You have probably heard about the changes at Netflix. One company is now becoming two, with the original brand providing the streaming content and the new brand (ironically) covering the DVD-by-mail business that made Netflix famous.
Whether or not this is the right move is something only time will prove. But the motivations behind it couldn’t be clearer, and those motivations should resonate for everyone in the broadcast business, too.
Netflix CEO Reed Hastings:
Most companies that are great at something – like AOL dialup or Borders bookstores – do not become great at new things people want (streaming for us) because they are afraid to hurt their initial business. Eventually these companies realize their error of not focusing enough on the new thing, and then the company fights desperately and hopelessly to recover. Companies rarely die from moving too fast, and they frequently die from moving too slowly.
With the NAB conference now in radio’s rear-view mirror, it’s useful to ask ourselves the question: Are we moving “too fast” or “too slowly”?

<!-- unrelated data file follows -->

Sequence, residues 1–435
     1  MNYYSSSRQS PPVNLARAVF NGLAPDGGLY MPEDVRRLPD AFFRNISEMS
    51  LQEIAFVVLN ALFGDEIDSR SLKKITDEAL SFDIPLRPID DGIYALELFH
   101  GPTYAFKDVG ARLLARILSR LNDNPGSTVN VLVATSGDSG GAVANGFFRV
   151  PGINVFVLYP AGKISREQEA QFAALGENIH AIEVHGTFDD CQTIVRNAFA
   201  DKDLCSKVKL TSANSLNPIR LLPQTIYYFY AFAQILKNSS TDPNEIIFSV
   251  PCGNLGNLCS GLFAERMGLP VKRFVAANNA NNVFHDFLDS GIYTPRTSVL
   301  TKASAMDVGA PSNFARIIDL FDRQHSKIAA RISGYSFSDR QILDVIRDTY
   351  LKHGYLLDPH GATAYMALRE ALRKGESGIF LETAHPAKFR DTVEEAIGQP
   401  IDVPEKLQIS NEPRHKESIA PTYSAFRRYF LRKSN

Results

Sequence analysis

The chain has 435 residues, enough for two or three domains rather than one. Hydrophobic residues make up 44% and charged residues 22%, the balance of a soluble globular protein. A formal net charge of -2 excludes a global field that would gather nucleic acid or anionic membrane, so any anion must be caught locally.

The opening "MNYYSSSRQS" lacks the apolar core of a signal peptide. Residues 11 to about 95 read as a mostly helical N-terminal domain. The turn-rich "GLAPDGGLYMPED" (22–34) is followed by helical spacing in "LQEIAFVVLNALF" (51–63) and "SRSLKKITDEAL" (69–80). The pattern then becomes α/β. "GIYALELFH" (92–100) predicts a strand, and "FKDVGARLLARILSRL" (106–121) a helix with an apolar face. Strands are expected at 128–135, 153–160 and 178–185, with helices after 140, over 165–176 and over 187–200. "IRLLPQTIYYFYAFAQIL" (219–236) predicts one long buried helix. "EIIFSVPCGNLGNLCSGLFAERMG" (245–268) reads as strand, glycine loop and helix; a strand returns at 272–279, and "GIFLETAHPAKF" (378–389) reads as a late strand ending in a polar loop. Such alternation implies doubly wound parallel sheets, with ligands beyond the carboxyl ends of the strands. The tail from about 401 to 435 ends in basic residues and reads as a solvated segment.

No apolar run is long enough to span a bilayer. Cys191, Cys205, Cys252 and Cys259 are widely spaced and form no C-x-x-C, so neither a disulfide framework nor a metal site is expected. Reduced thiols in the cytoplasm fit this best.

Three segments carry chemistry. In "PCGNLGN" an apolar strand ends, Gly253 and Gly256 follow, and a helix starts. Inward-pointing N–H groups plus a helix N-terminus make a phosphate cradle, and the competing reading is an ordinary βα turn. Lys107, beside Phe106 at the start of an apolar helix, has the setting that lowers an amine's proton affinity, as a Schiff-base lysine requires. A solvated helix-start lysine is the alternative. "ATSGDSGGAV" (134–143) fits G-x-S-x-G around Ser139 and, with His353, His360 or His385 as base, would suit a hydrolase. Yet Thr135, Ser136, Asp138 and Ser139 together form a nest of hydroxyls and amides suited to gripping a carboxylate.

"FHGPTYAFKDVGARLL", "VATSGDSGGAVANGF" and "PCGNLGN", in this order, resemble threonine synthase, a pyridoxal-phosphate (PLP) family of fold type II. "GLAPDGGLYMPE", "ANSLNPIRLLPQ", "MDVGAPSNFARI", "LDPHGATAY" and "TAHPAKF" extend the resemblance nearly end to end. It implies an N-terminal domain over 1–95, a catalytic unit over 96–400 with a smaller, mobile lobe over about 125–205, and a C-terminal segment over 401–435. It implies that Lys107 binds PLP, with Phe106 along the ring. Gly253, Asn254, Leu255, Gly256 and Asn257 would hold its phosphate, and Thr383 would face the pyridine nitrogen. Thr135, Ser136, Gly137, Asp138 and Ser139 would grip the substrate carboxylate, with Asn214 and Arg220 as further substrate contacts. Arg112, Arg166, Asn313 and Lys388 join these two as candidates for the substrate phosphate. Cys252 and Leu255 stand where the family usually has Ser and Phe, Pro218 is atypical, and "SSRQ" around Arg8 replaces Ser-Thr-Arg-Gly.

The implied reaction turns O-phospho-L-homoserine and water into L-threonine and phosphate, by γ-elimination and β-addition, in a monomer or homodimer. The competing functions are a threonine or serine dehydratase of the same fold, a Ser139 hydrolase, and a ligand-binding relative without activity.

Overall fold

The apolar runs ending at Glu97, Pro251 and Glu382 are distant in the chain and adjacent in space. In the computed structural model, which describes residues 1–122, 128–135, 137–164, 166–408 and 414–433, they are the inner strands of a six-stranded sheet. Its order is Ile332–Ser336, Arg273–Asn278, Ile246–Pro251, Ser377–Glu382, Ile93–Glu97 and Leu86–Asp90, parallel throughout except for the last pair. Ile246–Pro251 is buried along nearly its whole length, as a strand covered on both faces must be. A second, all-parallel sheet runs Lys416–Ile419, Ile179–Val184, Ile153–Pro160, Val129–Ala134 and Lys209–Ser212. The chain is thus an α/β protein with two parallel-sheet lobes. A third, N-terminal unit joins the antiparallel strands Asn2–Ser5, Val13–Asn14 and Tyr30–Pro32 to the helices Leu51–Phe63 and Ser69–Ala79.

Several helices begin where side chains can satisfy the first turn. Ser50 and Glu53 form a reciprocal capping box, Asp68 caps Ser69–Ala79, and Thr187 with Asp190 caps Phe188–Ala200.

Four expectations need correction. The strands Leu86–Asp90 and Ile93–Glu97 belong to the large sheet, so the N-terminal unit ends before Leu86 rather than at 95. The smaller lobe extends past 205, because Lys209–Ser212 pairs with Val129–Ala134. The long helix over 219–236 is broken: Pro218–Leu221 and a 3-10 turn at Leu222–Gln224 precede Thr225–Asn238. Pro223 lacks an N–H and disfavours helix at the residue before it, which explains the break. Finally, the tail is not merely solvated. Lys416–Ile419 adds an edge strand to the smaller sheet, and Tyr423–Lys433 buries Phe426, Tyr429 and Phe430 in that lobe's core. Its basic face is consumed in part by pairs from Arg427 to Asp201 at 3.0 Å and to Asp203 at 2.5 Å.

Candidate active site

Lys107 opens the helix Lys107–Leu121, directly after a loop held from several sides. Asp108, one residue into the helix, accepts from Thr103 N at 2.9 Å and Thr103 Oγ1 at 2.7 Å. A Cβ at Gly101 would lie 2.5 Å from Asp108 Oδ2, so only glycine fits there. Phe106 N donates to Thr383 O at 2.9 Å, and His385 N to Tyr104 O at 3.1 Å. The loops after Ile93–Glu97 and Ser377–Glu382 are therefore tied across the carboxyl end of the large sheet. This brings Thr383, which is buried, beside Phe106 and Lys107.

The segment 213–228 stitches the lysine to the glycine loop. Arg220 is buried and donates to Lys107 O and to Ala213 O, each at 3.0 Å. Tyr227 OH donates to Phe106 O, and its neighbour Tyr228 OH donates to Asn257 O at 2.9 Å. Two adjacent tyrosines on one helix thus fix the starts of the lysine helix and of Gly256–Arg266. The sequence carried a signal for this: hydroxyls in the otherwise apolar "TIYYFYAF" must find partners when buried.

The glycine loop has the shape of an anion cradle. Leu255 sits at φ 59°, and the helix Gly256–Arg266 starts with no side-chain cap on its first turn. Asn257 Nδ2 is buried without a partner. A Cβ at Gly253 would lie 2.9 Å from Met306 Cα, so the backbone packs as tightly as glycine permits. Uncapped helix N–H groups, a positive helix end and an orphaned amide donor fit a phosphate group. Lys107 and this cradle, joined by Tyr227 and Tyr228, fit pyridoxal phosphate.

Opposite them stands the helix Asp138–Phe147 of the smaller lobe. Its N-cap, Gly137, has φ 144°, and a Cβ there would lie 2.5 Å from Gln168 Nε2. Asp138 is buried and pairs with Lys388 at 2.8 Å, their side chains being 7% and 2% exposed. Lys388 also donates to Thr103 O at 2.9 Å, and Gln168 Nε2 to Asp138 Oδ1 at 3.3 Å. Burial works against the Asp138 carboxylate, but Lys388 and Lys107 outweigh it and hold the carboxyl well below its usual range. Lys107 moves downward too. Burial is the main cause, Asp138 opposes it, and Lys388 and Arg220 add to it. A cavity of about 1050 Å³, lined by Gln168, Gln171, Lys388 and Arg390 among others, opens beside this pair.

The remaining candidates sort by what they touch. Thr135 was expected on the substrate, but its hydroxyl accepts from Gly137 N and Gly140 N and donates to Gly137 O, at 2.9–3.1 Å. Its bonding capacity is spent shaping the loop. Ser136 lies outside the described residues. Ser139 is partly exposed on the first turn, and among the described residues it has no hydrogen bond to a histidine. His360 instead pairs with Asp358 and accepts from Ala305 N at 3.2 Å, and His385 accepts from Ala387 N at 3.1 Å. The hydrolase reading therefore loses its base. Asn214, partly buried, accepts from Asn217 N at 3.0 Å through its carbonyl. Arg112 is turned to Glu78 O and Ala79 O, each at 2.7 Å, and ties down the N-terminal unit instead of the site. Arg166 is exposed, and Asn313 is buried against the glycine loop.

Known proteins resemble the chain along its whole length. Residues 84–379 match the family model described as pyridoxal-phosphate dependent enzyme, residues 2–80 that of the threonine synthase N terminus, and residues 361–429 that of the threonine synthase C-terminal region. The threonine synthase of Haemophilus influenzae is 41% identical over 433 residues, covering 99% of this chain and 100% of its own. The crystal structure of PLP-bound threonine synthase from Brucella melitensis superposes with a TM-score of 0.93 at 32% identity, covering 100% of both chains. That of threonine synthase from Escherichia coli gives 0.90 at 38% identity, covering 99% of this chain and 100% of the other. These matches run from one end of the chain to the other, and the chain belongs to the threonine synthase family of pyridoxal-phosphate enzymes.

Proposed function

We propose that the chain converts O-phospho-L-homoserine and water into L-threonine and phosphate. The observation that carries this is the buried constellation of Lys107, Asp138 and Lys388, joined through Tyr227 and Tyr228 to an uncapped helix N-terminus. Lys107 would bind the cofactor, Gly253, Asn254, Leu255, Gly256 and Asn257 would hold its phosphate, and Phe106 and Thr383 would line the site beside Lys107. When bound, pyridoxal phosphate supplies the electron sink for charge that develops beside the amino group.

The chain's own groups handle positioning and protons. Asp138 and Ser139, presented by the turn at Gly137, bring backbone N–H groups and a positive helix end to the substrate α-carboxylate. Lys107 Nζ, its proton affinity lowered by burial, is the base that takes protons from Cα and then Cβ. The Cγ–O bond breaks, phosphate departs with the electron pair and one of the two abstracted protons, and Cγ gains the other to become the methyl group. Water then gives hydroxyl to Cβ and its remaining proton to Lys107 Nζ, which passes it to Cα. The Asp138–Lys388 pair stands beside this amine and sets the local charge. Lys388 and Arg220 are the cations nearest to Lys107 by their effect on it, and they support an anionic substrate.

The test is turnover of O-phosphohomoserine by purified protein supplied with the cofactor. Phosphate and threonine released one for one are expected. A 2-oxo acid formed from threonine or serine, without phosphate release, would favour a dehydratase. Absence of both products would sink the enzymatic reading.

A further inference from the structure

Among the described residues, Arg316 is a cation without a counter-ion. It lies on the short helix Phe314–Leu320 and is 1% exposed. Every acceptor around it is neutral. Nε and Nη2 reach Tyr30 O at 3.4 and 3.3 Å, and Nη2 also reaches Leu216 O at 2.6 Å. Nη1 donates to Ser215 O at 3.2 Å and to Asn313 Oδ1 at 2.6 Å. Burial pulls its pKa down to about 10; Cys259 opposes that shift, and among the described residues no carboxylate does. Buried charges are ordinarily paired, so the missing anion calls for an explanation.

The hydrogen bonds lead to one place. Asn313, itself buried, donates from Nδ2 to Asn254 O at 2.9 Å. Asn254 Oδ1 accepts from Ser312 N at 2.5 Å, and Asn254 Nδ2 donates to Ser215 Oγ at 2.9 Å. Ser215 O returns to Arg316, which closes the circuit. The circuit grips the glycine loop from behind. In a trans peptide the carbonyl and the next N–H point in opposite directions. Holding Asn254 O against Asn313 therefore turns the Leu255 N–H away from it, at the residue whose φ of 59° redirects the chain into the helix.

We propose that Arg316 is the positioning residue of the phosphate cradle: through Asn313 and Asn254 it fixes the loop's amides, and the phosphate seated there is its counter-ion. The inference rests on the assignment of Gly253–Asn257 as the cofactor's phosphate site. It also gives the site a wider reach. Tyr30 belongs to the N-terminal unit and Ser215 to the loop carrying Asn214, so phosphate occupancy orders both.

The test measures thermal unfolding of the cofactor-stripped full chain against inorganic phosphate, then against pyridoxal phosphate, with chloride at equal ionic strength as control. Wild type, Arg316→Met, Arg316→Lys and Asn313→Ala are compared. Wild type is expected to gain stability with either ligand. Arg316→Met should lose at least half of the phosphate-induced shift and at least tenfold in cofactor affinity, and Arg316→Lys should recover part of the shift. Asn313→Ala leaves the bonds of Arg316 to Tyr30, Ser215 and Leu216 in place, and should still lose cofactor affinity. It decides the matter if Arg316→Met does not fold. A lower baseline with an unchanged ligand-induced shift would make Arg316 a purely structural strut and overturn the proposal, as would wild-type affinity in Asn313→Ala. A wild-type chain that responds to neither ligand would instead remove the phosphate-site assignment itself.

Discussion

Much attention was focused in the usual places:
What radio’s bigwigs say
What radio’s Washington lobbyists say
What Wall Street analysts say
What Pandora says
But not a lot was focused on our two most important constituencies, our consumers and our advertisers.
What really stuck out for me was a quote by Eddie Combs, VP-chief marketing officer of home appliances at Sears, a quote not from a radio industry trade, by the way, but from Ad Age:
“I need help,” he told the crowd. “When you pitch ideas to me, say, ‘I’ve got a creative group, they have a great idea’ if you can help me play off something I’m currently doing in-market and extend that, as opposed to helping me fragment.”
Eddie is talking about ideas.
He’s talking about the creative nexus between content and advertising and consumers that should be the job of every seller and every content director, too.
He’s talking about ideas, not spots.
Ideas which bring masses of consumers together in the presence of the Sears brand and yours.
So from the consumer standpoint, what is radio doing to deliver “the great new things people want”? Or are we too afraid that “becoming great” at these new things will hurt our initial business?
And from the advertiser standpoint, what is radio doing to deliver the great new ideas advertisers want, not simply the lowest cost-per-point their agency buyers demand?